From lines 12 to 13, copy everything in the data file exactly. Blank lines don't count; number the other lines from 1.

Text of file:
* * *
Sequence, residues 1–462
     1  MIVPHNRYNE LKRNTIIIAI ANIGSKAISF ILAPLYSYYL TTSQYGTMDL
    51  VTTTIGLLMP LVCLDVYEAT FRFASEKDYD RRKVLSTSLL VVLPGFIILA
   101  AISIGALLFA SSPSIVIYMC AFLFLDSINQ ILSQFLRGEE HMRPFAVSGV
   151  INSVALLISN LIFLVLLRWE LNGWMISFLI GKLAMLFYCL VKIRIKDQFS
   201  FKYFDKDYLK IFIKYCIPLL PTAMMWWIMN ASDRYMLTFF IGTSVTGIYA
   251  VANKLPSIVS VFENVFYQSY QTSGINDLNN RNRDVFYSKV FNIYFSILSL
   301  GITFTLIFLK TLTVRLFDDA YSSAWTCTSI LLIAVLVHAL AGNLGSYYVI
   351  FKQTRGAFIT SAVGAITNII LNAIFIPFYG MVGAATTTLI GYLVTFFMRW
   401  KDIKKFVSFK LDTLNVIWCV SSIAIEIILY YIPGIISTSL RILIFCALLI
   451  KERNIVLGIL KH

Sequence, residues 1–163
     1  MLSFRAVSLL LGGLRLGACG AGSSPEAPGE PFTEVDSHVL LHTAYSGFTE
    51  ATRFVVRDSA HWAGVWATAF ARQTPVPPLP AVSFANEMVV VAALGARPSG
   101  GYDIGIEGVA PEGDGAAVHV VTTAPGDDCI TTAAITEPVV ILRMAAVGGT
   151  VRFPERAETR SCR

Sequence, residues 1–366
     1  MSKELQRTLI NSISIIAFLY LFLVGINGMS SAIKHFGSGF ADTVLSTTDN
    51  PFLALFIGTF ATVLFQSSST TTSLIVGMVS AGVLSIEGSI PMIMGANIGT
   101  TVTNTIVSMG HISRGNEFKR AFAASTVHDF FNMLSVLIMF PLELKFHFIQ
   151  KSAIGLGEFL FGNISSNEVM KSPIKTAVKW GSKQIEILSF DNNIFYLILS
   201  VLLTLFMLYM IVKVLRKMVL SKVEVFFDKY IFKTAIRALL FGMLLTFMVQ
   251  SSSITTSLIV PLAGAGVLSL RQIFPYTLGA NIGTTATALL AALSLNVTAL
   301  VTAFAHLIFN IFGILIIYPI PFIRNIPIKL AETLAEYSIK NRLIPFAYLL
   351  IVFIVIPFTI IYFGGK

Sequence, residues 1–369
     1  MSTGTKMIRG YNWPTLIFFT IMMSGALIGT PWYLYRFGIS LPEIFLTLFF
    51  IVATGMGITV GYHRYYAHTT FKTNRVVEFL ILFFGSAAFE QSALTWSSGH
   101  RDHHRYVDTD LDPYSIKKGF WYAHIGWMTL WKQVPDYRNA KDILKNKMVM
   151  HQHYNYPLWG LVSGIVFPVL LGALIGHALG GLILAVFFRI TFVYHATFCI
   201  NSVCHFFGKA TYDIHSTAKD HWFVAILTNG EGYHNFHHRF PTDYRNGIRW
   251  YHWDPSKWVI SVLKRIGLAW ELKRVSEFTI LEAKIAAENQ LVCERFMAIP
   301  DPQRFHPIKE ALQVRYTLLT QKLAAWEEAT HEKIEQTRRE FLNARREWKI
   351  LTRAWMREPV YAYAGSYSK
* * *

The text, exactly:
Sequence, residues 1–163
     1  MLSFRAVSLL LGGLRLGACG AGSSPEAPGE PFTEVDSHVL LHTAYSGFTE